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Founded in 1759, GKN Group is a leading global engineering company with expertise spanning design to manufacturing complex service systems and technologies for world-renowned brands. The company’s global network includes dedicated divisions that serve aerospace, automotive, powder metallurgy and other industries. GKN Driveline is responsible for developing and manufacturing innovative automotive driveline solutions servicing over 90% of the world’s car manufacturers, including Maserati and Ferrari.

The GKN Driveline plant in Florence produces key transmission components for the Fiat Chrysler Automobiles Group. With in-house CNC machining at full capacity, the Florence division began outsourcing a high proportion of its tool development.

“We were constrained by a two- to three-week turnaround when outsourcing, which would delay the feasibility analysis of a new production tool. If additional iterations were required, this would further escalate lead-times and have a knockdown effect throughout the supply chain,” said Carlo Cavallini, additive Lead Process Engineer and Team Leader at GKN Driveline Florence.
“3D printing enables us to overcome barriers traditionally associated with CNC machining, helping us realize our most complex designs, as well as print bespoke tools on-demand. These capabilities allow us to improve our workbench flexibility, optimize our workflow and eliminate costly downtimes of the production line.”
Carlo Cavallini, GKN Group
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Driving efficiency.

The plant needed an alternative solution to accelerate tool production. Previous experience with Stratasys FDM® 3D printing steered the division into investing in a Stratasys Fortus 450mc™ 3D Printer for the ability to combine accuracy and robust materials with exceptional tolerance.

“Using FDM for automotive components provides us with greater design freedom, regardless of part complexity. It allows us to perfect designs early and has a significant impact on our turnaround time,” said Cavallini.

For example, the team used FDM to redesign a greasing nozzle tool. Typically, this part consists of a rudimentary bendable tube where a high volume of oil is forced into a single point inside the half shaft. Often susceptible to spills, the cleaning cost valuable time. In a bid to overcome this bottleneck, the team 3D printed an innovative greasing dispenser in ULTEM™ 9085 resin with multiple internal valves, offering improved grease distribution and eradicating spills.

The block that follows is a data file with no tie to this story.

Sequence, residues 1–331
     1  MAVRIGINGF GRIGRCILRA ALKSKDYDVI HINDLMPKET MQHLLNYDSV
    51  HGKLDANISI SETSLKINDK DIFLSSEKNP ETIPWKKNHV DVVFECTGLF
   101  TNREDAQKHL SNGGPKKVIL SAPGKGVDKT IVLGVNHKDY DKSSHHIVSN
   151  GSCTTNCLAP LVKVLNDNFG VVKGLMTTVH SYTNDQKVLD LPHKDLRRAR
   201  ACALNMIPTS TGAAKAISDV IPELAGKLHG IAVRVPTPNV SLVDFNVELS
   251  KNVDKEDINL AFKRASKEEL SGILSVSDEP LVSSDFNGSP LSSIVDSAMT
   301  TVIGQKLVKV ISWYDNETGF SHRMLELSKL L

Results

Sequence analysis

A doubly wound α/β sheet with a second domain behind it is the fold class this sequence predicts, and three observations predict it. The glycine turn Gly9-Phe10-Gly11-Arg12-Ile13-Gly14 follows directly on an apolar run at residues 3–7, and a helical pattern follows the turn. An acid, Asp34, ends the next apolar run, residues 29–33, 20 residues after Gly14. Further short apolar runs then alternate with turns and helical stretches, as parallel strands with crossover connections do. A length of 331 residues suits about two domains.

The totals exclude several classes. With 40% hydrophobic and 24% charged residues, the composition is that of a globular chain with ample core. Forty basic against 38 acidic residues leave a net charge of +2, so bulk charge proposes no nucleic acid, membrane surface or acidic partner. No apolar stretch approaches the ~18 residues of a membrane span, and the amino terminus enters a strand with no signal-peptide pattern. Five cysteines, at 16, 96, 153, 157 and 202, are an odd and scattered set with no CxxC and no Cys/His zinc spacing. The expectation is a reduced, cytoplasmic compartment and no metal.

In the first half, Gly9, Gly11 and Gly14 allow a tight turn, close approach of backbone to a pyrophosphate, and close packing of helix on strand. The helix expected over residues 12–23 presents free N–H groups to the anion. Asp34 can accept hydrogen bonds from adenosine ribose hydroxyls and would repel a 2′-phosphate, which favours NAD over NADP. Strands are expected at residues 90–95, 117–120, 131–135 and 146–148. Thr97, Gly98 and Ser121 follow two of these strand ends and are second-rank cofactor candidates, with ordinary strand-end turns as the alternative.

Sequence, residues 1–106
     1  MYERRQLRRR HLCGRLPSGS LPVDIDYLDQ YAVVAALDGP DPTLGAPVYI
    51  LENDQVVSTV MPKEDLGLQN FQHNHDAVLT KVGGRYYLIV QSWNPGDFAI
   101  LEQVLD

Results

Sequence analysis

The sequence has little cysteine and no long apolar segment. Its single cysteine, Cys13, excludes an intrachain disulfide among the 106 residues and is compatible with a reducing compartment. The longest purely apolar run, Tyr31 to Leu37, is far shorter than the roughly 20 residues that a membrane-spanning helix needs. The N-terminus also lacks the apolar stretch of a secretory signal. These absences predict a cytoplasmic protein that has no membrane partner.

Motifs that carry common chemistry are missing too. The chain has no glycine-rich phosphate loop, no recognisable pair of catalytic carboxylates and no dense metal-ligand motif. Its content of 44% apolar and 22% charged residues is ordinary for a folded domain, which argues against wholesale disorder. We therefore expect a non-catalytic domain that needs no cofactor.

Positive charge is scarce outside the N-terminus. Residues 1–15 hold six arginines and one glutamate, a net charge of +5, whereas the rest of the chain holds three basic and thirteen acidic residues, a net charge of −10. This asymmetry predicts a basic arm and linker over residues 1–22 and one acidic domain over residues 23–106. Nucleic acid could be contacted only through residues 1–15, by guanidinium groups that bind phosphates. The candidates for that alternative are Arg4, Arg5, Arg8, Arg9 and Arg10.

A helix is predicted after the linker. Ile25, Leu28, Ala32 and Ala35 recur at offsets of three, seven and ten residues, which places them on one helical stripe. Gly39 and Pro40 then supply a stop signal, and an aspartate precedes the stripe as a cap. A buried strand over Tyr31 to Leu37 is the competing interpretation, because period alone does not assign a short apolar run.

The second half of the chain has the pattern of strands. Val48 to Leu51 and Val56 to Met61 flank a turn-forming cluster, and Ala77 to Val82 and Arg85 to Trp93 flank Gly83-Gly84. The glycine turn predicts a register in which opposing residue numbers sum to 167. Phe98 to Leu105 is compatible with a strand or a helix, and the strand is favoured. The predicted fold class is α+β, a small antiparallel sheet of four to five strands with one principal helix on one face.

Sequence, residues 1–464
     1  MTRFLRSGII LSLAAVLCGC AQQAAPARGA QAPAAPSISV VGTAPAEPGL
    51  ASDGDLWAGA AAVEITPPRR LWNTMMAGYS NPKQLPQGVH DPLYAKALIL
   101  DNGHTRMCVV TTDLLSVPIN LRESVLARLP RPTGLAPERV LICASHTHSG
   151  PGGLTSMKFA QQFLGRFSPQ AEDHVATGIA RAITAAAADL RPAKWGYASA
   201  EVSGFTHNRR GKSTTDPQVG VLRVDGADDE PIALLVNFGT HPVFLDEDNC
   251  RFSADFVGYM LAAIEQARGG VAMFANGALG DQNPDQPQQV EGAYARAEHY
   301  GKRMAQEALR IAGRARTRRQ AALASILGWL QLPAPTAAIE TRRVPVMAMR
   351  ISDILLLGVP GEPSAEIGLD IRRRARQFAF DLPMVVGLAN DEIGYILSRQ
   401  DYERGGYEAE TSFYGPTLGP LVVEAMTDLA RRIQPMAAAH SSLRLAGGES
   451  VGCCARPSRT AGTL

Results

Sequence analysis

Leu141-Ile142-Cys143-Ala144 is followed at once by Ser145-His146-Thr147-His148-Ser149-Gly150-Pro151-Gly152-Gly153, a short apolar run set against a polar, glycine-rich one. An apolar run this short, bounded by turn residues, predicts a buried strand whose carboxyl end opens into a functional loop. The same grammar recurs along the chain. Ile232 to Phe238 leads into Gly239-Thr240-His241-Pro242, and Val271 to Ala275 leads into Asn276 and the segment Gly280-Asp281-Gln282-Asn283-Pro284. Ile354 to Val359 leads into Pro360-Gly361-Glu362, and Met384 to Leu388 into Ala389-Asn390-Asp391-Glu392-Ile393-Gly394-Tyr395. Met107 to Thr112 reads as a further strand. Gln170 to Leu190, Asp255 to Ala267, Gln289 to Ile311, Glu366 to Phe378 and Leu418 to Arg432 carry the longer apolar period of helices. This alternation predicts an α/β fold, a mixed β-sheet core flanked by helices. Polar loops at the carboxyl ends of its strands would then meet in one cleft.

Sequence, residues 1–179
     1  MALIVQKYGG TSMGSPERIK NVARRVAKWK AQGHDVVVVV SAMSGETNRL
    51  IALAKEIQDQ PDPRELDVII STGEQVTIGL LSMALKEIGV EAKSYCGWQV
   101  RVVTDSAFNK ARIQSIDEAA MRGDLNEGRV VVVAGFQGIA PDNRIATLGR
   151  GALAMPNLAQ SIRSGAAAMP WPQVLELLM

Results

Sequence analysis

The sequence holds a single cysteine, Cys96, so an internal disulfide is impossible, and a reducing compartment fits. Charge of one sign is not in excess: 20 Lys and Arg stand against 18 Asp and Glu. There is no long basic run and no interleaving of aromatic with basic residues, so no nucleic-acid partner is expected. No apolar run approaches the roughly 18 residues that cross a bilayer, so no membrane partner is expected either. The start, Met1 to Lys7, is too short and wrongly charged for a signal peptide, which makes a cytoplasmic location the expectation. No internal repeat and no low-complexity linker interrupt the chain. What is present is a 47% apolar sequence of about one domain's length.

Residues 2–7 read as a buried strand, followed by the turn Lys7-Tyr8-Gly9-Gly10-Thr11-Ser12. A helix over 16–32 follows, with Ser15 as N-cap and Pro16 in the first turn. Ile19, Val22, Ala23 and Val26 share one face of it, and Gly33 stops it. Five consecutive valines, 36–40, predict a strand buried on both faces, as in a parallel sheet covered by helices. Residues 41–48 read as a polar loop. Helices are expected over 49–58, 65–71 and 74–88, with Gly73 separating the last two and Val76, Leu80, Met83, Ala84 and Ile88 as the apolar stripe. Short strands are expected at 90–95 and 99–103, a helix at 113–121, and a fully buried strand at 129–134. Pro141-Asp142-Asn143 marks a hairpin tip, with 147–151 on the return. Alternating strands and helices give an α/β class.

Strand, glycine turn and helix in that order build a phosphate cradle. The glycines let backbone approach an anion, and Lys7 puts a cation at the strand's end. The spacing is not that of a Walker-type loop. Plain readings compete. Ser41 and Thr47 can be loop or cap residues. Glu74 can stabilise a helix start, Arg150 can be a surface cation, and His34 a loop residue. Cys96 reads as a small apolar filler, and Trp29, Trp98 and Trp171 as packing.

“With the greasing nozzle, we reduced our lead-time by 70%. This has been crucial to streamlining the production cycle of the half shaft, enabling us to provide these final parts to customers faster than ever before,” said Cavallini.
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3D printing replacement production parts on-demand.

According to Cavallini, the benefits of 3D printing are felt across numerous applications, improving the team’s responsiveness across the division.

Recently the Florence division needed to replace a cable bracket that was missing upon delivery for a robot. “The cable brackets are designed to prevent the network of cables from interfering with the movement of the robot,” explained Cavallini. “Without this bracket, machine functionality cannot be guaranteed.”

Instead of waiting for the manufacturer to deliver the missing part, the team 3D printed a cable bracket in tough ULTEM 9085 resin.

“Originally a temporary measure, the 3D printed bracket exceeded our expectations in terms of performance and practicality,” said Cavallini. “The ability to quickly 3D print parts on-demand that, in this case, matched the performance of the metal tool is instrumental in reducing downtime. Considering we manufacture several thousand parts a week, it’s crucial our production line is always operational. 3D printing helps us ensure this business continuity.”
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Dynamic innovation.

GKN Driveline Florence is exploring more ways 3D printing can expedite workflows. The company is testing a range of solutions where customization is paramount, including a tough end-of-arm tool tailored to move components through production stages.

Traditionally produced in steel, the end-effectors not only proved unwieldy, but could also be unfit due to CNC’s design limitations. The team now 3D prints several bespoke end-of-arm tools. With greater customization, the 3D printed parts can pass extensive feasibility analyses and help replace a cumbersome process with a seamless, unmanned workflow, saving two months.

Beyond the substantial time savings, the real value of FDM 3D printing is its ability to dramatically improve business performance. With more parts designed with additive manufacturing in mind, a plethora of new tooling applications can be optimized with the technology.

“3D printing enables us to overcome barriers traditionally associated with CNC machining, helping us realize our most complex designs, as well as print bespoke tools on-demand,” said Cavallini. “These capabilities allow us to improve our workbench flexibility, optimize our workflow and eliminate costly downtimes of the production line.”
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